Today I’m looking for evidence that essential oils are antimicrobial. But what exactly is antimicrobial? Antimicrobial means that it prevents the spread of microorganisms (bacteria, some viruses, fungus, etc.) by inhibiting or killing them.
All essential oils are antimicrobial; some are just stronger than others. As you might imagine there is a ton of evidence for this one! But before we dig in it’s important to understand that every microbe is different. Because one essential oil is effective on one virus, doesn’t necessarily mean it will kill all viruses. And now for the exciting part! You know how some bacteria become resistant to antibiotics? That doesn’t happen with essential oils! The exact chemistry of each essential oil is dependent on so many factors (weather, geography, time of harvest, soil conditions, etc.) that their chemical composition is always different. Now, mix that one essential with another two or three and WOW!
Okay, let’s have a look at the evidence…
One 2017 study used a blend of cinnamon, carrot seed, eucalyptus and rosemary and a blend of cinnamon, carrot seed, oregano and clove. The first blend was successful against 14 strains of bacteria, some that were antibiotic resistant. It was also effective against the viruses H1N1 (like swine flu) and HSV1 (cold sores). The second blend was successfully against six Candida (fungus) strains.
Another study from 2019 looked at the research of nine essential oils. Lavender was shown to be antiviral to HSV1, antibacterial and antifungal and had a strong antiseptic against antibiotic resistant strains (including MRSA, E. coli). Thyme showed antiviral (HSV1) and antifungal activity but was particularly good at inhibiting the growth of bacteria. Peppermint showed high levels of activity killing HSV1 and HSV2 (genital herpes) but is a weak antibacterial. Cajeput is an effective antibacterial and is effective against some yeasts and molds. Cinnamon is active against the H1N1 virus and some bacteria (E coli, MRSA, etc.) and inhibited the growth of Salmonella, Listeria and some fungi. Clove inhibited HSV1 and HSV2 viruses, was active against some bacteria and fungi. Eucalytpus shows activity against viruses, bacteria and fungi and is toxic to MRSA and E. coli. Sage was active against SARS, bacteria and many fungi. Tea tree was active against some viruses, bacteria and Candida.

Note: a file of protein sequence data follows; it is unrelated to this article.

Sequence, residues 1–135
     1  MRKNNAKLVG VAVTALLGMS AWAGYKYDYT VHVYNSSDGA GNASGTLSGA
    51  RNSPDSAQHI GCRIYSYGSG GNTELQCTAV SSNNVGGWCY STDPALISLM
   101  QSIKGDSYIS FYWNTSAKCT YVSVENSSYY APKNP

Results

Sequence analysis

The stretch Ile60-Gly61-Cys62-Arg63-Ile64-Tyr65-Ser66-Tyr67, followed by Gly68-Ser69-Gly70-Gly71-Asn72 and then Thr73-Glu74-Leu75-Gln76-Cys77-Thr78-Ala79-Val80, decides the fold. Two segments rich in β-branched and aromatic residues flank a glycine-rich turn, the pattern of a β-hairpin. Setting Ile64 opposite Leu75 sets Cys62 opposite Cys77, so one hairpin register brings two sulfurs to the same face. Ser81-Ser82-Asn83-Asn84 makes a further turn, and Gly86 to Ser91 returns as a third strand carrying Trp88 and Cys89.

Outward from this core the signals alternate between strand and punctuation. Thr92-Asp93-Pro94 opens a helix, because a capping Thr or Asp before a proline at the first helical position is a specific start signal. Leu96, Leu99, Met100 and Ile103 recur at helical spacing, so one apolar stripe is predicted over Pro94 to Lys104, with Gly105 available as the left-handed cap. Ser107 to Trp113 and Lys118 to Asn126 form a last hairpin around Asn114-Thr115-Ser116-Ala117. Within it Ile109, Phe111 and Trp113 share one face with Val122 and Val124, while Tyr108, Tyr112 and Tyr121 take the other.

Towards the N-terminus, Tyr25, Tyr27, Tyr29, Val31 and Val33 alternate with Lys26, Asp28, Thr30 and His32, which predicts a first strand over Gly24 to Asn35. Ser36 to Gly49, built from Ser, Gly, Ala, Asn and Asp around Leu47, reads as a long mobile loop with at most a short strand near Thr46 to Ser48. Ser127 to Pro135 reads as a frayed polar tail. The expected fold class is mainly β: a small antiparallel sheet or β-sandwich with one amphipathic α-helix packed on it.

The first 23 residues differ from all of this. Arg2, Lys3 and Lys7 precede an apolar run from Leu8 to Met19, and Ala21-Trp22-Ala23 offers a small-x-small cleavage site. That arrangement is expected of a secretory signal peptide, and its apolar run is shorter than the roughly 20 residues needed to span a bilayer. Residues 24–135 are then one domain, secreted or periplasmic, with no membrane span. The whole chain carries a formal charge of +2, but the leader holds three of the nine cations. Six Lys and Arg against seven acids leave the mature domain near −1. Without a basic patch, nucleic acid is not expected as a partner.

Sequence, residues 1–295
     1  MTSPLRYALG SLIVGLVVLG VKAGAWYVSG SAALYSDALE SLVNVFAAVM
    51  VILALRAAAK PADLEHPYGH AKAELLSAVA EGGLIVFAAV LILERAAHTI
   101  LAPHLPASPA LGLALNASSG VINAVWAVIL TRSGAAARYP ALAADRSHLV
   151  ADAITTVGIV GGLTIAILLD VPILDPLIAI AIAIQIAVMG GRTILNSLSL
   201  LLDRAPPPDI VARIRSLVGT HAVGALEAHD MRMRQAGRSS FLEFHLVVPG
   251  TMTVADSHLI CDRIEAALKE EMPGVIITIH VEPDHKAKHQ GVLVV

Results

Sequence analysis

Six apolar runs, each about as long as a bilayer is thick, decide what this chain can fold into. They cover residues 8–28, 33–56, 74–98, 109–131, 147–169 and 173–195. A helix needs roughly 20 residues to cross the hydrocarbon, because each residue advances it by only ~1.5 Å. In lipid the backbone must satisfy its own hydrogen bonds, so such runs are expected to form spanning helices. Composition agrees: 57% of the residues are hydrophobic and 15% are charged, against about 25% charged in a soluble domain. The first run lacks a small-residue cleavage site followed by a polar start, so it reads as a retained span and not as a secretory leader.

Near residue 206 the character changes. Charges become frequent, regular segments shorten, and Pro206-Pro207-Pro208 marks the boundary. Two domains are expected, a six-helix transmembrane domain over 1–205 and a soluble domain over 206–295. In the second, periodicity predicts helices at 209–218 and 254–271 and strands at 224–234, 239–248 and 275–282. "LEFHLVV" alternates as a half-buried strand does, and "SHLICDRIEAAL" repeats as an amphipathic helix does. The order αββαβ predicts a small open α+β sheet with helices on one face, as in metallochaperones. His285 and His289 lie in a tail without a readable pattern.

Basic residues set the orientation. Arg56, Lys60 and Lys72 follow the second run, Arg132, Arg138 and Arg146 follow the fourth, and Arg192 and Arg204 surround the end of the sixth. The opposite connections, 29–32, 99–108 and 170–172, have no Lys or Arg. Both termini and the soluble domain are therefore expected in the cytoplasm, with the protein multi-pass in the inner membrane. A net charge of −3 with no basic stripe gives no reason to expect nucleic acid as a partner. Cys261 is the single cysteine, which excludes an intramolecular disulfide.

17 essential oils and nine essential oil compounds were tested on E. coli and Salmonella in 2004. The essential oils most active against E. coli were oregano, cinnamon leaf, clove bud, lemongrass, cinnamon bark and lemon. Those most effective against Salmonella were Melissa, oregano, lemon, lemongrass and cinnamon leaf.
In 1996, ten essential oils were tested for their antibacterial and antifungal activity against 22 bacteria strains and 12 fungi. Lemongrass, eucalyptus, orange and peppermint were effective against all 22 bacteria strains, with palmarosa and patchouli being very close to all 22. All 12 fungi were inhibited by citronella, geranium, lemongrass, orange, palmarosa and patchouli, with eucalyptus and peppermint being close to all 12.
Essential oils are already used in toothpastes, mouthwashes, acne treatments, food packaging, etc. Hopefully we’ll soon find essential oils that are active against COVID-19!